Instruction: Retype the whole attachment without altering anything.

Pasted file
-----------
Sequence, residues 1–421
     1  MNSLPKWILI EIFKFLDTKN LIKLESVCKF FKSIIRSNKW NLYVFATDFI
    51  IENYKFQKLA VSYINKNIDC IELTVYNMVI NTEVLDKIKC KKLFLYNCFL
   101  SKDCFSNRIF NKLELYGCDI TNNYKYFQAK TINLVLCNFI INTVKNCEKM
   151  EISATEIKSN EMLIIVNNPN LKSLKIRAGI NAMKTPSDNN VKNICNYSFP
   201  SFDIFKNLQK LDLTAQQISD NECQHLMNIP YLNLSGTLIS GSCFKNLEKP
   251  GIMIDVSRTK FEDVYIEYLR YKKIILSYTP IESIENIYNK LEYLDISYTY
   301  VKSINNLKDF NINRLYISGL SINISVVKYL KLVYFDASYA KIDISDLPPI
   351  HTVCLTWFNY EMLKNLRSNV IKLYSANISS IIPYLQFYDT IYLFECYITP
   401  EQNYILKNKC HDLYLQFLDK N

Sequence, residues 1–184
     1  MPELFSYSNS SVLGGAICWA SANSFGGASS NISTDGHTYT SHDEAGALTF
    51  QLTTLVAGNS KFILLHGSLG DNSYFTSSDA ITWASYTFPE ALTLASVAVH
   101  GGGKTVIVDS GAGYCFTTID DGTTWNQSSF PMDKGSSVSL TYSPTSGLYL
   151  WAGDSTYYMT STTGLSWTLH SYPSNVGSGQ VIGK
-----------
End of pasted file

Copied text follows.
Sequence, residues 1–421
     1  MNSLPKWILI EIFKFLDTKN LIKLESVCKF FKSIIRSNKW NLYVFATDFI
    51  IENYKFQKLA VSYINKNIDC IELTVYNMVI NTEVLDKIKC KKLFLYNCFL
   101  SKDCFSNRIF NKLELYGCDI TNNYKYFQAK TINLVLCNFI INTVKNCEKM
   151  EISATEIKSN EMLIIVNNPN LKSLKIRAGI NAMKTPSDNN VKNICNYSFP
   201  SFDIFKNLQK LDLTAQQISD NECQHLMNIP YLNLSGTLIS GSCFKNLEKP
   251  GIMIDVSRTK FEDVYIEYLR YKKIILSYTP IESIENIYNK LEYLDISYTY
   301  VKSINNLKDF NINRLYISGL SINISVVKYL KLVYFDASYA KIDISDLPPI
   351  HTVCLTWFNY EMLKNLRSNV IKLYSANISS IIPYLQFYDT IYLFECYITP
   401  EQNYILKNKC HDLYLQFLDK N

Sequence, residues 1–184
     1  MPELFSYSNS SVLGGAICWA SANSFGGASS NISTDGHTYT SHDEAGALTF
    51  QLTTLVAGNS KFILLHGSLG DNSYFTSSDA ITWASYTFPE ALTLASVAVH
   101  GGGKTVIVDS GAGYCFTTID DGTTWNQSSF PMDKGSSVSL TYSPTSGLYL
   151  WAGDSTYYMT STTGLSWTLH SYPSNVGSGQ VIGK